Well it's a mixed bag as far as front pages go this morning, certainly as far as photos are concerned. MLADA FRONTA DNES features Australia's half-man, half-fish Ian Thorpe, pictured moments after swimming his way to his third gold medal in Japan, PRAVO plumps for former King Simon of Bulgaria, now Prime Minister Simon Saksoburggotski of Bulgaria, being sworn into office, ZEMSKE NOVINY has former air force pilot and now U.S. President George W. Bush shaking hands with the troops in Kosovo, while LIDOVE NOVINY features a photo of former Spice Girl Geri Halliwell, in Prague to promote her new album.
But it's Czech affairs which of course dominate the papers today, and the weekend's racially-motivated murder of a Roma man by a far-right skinhead dominates the inside pages of MLADA FRONTA DNES. The paper carries an interview with the government's commissioner for human rights, Jan Jarab, who provides a controversial explanation for the frequent failure of police and the courts to deal properly with race hate crimes. Jarab says it's because they generally sympathise with the aggressors, not the victims.
"One thing's for sure," says Jarab. "We have a very strict legal system in this country which sends people to prison for completely banal offences such as property crime, but which is extremely benevolent towards skinhead attacks. As long as the attack isn't fatal, the attackers never receive sentences to match the offences," says Jarab. He goes on: "The only reason I can see for this is that - consciously or subconsciously - the police and the courts sympathise with the attackers. Romanies are different, but the attackers are 'typical Czechs' like us" says Jarab.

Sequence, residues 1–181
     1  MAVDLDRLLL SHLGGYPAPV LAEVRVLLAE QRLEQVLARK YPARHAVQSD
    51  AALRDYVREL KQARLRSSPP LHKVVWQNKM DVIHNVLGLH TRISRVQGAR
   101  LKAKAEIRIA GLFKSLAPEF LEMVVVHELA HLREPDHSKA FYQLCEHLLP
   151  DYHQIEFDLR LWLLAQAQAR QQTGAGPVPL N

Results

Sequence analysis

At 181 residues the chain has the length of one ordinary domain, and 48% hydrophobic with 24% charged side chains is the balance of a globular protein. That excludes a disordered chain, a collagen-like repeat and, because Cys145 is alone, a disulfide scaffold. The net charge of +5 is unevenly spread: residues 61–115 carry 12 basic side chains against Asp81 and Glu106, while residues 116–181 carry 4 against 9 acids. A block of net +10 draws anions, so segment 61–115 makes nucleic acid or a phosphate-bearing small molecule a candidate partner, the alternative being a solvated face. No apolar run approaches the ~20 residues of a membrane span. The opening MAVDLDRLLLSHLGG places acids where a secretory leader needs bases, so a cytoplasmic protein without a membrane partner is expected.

And further on in the paper MLADA FRONTA DNES draws a clear link between Saturday's murder and the controversy surrounding the new strict immigration measures in place at Prague's Ruzyne Airport, to combat the number of Roma people applying for asylum in Britain. Most Czechs, it says, are in favour of the measures: after all, every country must protect itself against "undesirables." And few care that those "undesirables" are people with darker skin, says MLADA FRONTA DNES.
"Nine out of ten people in this country do not want Romanies for neighbours. Nine out of ten people make no distinction between 'peaceful' Romanies and Romanies who make trouble. They see them as a solid mass, which we would be better off without," says MLADA FRONTA DNES. "Saturday's murder should be seen as a very alarming message to ethnic Czechs. The Roma in this country do have reason to be afraid. They do have reason to flee," says the paper.
PRAVO, meanwhile, leads with alarming news from the Czech police: more and more people are drinking and driving. During random checks in the capital Prague on Friday police found one driver in four had been drinking. "Alcohol behind the wheel is one of our biggest problems at the moment," said a senior traffic policeman. And PRAVO says there's a similar picture across the country, with young drivers singled out for particular criticism.
LIDOVE NOVINY carries a scary story under the headline "Authorities Take Away Children From Parents Because of Father's Bad Genes." The case happened in the town of Znojmo, South Moravia, mainly thanks to an evaluation by a local psychologist. The paper says it's reminiscent of Nazi blood laws during the Third Reich, as the father of four was described as someone who is "lowering the quality of the Czech gene pool."
The parents, whose three children are currently in a children's home and the fourth has been given up for adoption, are now striving to get them back. But the authorities in Znojmo say there were social rather than biological factors - the Skarka family lived in a shabby flat, the electricity board cut them off after they failed to pay their bills, and moreover both parents were unemployed. But genetic experts are shaking their heads in disbelief over the verdict of their Znojmo colleague, describing it as factually erroneous and ethically wrong.